Wednesday, July 24, 2013

Testing out Winchester Ammo, 10/22 Hammer & Sear kit and the new Norinco 1911A1

I went to the range last night to try out a few new goodies.  First was the new Competition Match Hammer & Sear kit that I installed in the 10/22 a while back, next was the Winchester Hollow Point 36 grain, 1280fps, copper plated .22lr 555pk I picked up (cheap at $23), and lastly my new Norinco 1911A1 Government with all my new goodies added on (should have tested it out stock before mods but too late now).


First up was the new Winchester ammo versus the Federal bulk stuff, also 36 grain, 1260 fps, also copper plated hollow points, but 525 for about $29 at Canadian Tire.  I shot Federal out of my GSG 1911 Tactical first from a standing position, unsupported from about 5 meters (Yeah, I know, I'm a crap shot) and you can sort of get the idea that the Federal (right side target) held a tighter grouping than the Winchester (left side target).



I backed it off to 10 meters and my groupings got progressively worse, but still, the Federal (right side target) looked like it held together a bit better than Winchester (left side target).  I'd also like to note that the Winchester had a few failure to feed, and I got one dud.  The Federal loaded fine, and there were no duds.


So my pistol work needs more attention, so to get a little confidence, I switched over to my Ruger 10/22 (buried in the Archangel Marauder stock kit) and kept the target sheet out at 15I  meters.  Unfortunately, my red dot crapped out on me (after having the same battery in there for more than 7 years (got the red dot in Japan 7 years ago for my airsoft gun, never played, haha!).  Anyway, I mucked around with the red dot for a bit, then ended up ripping it out and using the back up iron sights.  25 rounds for each target sheet and with the Federal (right side target), I ended up shooting through the same holes and with the Winchester (left side target) it was slightly sloppier.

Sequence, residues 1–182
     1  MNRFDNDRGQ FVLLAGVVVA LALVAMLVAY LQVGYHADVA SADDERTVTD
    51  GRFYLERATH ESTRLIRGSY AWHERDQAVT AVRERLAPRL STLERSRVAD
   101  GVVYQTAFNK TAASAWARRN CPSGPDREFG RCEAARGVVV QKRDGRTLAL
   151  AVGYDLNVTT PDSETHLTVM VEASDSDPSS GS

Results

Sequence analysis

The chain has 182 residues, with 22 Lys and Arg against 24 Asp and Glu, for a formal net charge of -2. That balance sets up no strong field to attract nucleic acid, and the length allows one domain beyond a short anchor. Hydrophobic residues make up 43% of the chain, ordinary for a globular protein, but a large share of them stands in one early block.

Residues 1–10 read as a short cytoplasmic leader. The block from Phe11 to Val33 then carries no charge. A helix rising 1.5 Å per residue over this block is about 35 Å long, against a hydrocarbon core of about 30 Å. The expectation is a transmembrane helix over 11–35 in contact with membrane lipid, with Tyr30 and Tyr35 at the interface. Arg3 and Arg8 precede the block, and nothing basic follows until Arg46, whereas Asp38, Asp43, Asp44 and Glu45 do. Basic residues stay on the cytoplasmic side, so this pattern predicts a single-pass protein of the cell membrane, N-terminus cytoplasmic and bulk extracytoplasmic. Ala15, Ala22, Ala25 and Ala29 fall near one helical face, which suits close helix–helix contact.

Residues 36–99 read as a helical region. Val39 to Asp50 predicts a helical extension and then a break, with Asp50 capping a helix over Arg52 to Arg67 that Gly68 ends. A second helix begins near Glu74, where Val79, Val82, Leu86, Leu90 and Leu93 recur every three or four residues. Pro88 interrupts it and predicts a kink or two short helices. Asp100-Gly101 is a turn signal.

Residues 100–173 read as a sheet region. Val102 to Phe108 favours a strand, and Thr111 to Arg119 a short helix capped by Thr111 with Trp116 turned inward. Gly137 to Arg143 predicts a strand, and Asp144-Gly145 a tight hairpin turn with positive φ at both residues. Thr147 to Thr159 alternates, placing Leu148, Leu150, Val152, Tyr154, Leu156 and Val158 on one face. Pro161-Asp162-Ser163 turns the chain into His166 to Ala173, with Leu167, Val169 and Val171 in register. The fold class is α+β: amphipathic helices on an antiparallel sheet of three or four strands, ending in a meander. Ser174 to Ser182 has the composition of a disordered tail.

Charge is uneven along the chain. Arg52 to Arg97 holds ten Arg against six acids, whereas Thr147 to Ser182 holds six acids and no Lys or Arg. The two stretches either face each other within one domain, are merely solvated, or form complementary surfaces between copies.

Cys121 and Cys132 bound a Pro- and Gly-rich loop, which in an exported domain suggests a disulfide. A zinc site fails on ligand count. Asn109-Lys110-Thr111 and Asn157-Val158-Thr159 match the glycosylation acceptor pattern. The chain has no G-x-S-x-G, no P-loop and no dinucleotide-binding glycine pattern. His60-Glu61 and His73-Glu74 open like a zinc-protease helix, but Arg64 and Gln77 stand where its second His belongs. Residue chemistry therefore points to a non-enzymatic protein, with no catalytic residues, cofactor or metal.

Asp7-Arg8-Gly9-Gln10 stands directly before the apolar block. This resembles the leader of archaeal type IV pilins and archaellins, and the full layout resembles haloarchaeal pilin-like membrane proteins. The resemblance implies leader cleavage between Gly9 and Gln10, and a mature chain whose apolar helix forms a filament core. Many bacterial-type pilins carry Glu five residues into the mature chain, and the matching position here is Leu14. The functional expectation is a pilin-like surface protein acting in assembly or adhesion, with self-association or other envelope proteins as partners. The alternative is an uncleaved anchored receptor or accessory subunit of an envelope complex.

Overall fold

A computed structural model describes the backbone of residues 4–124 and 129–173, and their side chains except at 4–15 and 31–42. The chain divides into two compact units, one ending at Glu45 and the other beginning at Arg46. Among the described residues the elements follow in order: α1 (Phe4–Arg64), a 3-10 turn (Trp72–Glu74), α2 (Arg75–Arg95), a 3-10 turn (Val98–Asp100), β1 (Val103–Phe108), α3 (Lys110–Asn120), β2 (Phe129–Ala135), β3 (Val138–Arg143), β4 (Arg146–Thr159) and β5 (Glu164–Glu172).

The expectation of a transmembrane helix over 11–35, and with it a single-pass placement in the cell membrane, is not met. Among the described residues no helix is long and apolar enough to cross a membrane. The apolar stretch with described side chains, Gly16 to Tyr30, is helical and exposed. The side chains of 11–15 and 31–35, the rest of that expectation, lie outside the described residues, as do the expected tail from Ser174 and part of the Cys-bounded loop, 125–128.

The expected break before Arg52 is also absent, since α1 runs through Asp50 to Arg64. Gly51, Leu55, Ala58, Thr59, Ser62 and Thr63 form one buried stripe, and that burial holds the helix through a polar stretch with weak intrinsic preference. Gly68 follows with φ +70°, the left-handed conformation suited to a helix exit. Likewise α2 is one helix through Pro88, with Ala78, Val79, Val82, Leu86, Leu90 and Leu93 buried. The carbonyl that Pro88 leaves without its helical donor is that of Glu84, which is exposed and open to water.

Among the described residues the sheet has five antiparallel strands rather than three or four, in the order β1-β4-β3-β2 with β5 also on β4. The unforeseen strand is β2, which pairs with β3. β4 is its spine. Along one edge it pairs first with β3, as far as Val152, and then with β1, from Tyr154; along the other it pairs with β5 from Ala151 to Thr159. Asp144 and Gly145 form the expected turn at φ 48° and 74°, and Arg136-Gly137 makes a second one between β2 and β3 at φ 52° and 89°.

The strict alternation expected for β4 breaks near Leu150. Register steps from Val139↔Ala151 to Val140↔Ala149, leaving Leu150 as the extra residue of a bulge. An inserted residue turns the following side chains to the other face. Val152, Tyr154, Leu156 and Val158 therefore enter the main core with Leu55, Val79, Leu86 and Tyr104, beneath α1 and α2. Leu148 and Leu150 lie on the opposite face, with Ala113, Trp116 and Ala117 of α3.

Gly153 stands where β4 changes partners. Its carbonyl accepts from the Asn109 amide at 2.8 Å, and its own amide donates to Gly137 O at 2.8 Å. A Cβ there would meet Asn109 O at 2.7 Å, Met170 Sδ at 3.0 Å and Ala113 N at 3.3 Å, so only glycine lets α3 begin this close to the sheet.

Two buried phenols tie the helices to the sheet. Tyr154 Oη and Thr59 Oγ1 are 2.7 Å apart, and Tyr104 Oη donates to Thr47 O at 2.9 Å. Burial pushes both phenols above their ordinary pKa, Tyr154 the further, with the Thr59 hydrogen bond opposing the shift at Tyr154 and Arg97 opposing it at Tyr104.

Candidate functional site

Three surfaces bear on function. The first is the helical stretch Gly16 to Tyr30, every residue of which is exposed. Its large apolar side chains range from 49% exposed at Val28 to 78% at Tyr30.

In this test, I was also trying out the Competition Match Hammer & Sear kit that I installed in the 10/22 and I'm glad I got it.  It made for a llighter and smoother trigger pull compared to stock (and I've only taken my 10/22 to the range once before this trip).  The trigger reset was nice and crisp, which made for  nice follow up shots as well.  Before, the reset was a bit vague and it wasn't always a clean reset (or maybe I just needed to break it in), but with the new kit, there was no doubt and I was able to make those follow up shots without any doubt.


I tried a mag dump with the 10/22 from 15 meters, rapid rate of fire unsupported, and was able to get most rounds on the target sheet and though both sheets represent my sloppy marksmanship skills, you can sort of tell the Federal (right side targer) seemed to hang around the same area where the Winchester (left side sheet) walked all over the place.


I pushed the target sheets to the back of the range (about 17 meters) and did a comparison of the Winchester ammo in my 10/22 (right side target) and the same ammo in my GSG 1911.  I guess it's a no brainer to say that the rifle was far more accurate than the pistol, but both are equally fun to shoot.